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Argentina must pay US$5.4 billion to more than 500 “me-too” holders of defaulted debt before it can pay the majority of its creditors, a US judge ruled on Friday. Argentina anticipated it would appeal the ruling.
In the age of derivatives, swaps, and electronic money transfers, a new form of warfare has emerged: financial warfare. Recently, the US has passed sanctions on countries such as Syria, Venezuela and North Korea, but the majority of energy related sanctions passed have been targeted at Iran and Russia.
The International Monetary Fund urged the Federal Reserve to wait until the first half of 2016 to start raising short-term interest rates because the US economy remains subpar. In its annual checkup of the US economy released Thursday, the IMF said the underpinnings for continued growth and job creation remain in place.
A tiny pink pill touted as Viagra for women got a reluctant nod from the United States Food and Drug Administration panel, bringing the first medical treatment for female sexual dysfunction one step nearer to coming on the market.
The US Senate has voted to limit the government's ability to collect phone data, a policy that had been in place since the attacks of 11 September 2001. The USA Freedom Act extends the government's ability to collect large amounts of data, but with restrictions.
U.S. President Barack Obama on Monday announced his intention to nominate Roberta Jacobson, the assistant secretary of state for Latin America and the chief U.S. negotiator at the talks to resume diplomatic relations with Cuba, as the new ambassador to Mexico, the White House announced in a communiqué.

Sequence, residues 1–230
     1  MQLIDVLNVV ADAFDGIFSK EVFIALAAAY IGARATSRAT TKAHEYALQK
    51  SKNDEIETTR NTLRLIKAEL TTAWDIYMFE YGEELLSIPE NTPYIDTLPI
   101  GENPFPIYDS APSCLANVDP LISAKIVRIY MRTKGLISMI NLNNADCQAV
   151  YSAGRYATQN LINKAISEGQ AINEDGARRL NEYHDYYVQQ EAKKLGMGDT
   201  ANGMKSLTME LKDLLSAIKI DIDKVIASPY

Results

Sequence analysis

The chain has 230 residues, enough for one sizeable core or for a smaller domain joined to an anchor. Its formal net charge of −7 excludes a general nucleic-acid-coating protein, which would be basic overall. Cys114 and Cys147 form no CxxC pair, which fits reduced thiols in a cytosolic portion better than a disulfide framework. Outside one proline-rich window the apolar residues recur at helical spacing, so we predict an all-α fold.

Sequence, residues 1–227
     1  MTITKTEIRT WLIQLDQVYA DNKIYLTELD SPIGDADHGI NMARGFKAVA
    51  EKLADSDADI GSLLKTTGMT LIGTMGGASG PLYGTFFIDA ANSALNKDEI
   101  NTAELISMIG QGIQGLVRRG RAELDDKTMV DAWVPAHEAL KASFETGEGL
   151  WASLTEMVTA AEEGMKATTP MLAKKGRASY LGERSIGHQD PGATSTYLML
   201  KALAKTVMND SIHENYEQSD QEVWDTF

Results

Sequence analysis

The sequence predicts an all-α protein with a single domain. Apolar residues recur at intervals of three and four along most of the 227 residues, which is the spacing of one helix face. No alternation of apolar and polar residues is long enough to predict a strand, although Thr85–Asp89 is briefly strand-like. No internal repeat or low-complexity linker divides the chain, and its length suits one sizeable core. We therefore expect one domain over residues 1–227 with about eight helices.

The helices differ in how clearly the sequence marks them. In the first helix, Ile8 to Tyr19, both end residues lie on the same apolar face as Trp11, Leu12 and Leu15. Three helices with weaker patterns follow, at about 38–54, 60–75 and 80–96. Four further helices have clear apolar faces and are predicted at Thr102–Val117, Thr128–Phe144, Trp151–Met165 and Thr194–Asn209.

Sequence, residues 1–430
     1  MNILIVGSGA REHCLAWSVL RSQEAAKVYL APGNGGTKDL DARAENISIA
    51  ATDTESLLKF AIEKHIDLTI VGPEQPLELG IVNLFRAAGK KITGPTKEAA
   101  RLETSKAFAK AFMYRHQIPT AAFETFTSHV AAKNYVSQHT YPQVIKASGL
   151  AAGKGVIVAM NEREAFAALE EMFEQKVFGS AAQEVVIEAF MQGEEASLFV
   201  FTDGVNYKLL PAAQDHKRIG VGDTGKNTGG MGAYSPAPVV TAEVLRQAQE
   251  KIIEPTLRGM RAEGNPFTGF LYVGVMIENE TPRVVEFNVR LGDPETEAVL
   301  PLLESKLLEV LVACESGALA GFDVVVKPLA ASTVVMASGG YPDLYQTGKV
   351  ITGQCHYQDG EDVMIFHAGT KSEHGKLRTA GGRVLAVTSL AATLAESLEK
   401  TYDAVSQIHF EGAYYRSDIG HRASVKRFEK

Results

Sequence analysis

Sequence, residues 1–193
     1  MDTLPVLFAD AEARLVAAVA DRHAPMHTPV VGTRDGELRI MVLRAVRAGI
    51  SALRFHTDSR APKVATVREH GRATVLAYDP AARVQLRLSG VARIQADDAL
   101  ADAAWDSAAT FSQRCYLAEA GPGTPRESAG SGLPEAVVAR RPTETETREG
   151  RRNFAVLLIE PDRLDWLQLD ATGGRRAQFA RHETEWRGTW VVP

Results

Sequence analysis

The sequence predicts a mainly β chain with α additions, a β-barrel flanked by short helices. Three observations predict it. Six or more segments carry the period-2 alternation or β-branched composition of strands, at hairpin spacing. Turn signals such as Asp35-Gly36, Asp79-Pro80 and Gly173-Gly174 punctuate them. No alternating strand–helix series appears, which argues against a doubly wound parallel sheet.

The Argentine government has turned down a plea from mediator Daniel Pollack to return to the negotiating table with holdout investors, with the Economy Ministry considering that talks with the speculative funds, so-called 'vulture funds', would be inappropriate given the behavior of the litigants.
The US economy shrank 0.7% in the first three months of 2015, compared to the same period last year. The Bureau of Economic Analysis significantly revised down its earlier economic growth estimate of 0.2%.
Richard Weber, the United States Internal Revenue Service's (IRS) leader of criminal investigations, told The New York Times he was fairly confident that there would be another round of indictments, following on the 14 FIFA officials accused of racketeering and accepting $150 million in bribes to rig marketing contracts and the selection of the host country for the 2010 World Cup.
The United States warned on Friday of a possible accident for the world economy if Greece and its creditors miss their June deadlines to avert a debt default. Germany said there was no sign of a breakthrough. The ongoing debate is taking place in Dresden, Germany in the framework of G7 Finance ministers and central bank chiefs meeting.